Caren J. Chaika1, Loretta Ann Williams2
(1) Occidental of Elk Hills, Tupman, CA
(2) PARSEC Group, Aurora, CA
ABSTRACT: Density and Mineralogy Variations as a Function of Porosity in Miocene Monterey Formation Oil and Gas Reservoirs in California
The Miocene Monterey Formation, long known as the critical source rock in California, also includes significant fractured chert and porous diatomite reservoirs. What is not widely recognized is that there are high matrix porosity reservoirs within the opal-CT and quartz-phase rocks. Using density, porosity and mineralogy data, we have identified two distinct groups of Monterey Formation reservoirs. Group 1 porosity changes gradually during silica diagenesis -- porosities of 55%-70% exist not only in opal-A dominated samples but also in samples that have undergone the transition from opal-A to opal-CT. In Group 2, porosity decreases abruptly at the transition, and rocks below the transition are tight.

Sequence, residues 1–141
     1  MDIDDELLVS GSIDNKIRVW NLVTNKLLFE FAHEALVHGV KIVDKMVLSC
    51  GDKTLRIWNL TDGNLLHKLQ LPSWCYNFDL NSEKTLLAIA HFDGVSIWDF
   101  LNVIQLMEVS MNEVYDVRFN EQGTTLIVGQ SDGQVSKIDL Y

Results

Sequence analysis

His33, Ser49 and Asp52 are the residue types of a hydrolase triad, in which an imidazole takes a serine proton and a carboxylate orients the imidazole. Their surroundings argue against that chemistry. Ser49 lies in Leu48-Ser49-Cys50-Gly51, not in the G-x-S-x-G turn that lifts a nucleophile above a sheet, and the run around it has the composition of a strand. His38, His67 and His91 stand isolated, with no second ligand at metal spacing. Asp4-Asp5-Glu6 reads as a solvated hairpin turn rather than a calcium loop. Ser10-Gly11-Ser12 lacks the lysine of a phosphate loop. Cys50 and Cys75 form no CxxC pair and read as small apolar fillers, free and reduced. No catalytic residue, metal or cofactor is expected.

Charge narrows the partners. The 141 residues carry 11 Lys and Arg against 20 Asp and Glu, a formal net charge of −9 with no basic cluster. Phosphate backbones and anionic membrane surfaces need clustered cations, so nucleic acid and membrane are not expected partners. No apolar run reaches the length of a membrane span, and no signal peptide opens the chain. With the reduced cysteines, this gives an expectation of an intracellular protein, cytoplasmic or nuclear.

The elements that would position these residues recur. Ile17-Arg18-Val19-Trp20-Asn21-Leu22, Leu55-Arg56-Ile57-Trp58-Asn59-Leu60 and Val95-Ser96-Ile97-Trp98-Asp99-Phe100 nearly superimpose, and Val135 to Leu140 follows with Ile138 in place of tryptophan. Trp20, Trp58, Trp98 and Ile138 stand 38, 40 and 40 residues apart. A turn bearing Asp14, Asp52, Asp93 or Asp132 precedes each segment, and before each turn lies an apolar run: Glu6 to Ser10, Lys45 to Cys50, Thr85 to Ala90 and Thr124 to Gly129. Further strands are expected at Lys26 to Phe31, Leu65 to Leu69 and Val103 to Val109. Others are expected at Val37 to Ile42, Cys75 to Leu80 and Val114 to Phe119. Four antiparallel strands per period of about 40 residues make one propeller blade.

The main mineralogic difference between Groups 1 and 2 is a higher clay content in Group 1, resulting in different silica diagenesis pathways for the two groups. This led us to expect all San Joaquin Basin samples to fall into Group 1, and all coastal California samples to fall into Group 2, because of the different depositional histories of the two areas. While our prediction holds in most instances, we discovered that some San Joaquin Basin samples exhibit Group 2 characteristics. Therefore, it is important to use petrophysical, seismic, and/or geological information to determine if a Monterey Formation reservoir is likely to be a fracture-dominated type (Group 2), or if there might be a matrix production component (Group 1).
Once one has made this diagnosis, the characteristic density/porosity relationships of each group allows one to easily calculated an accurate matrix porosity. Our method avoids theoretically unsound assumptions inherent in standard porosity estimation techniques.
AAPG Search and Discovery Article #90906©2001 AAPG Annual Convention, Denver, Colorado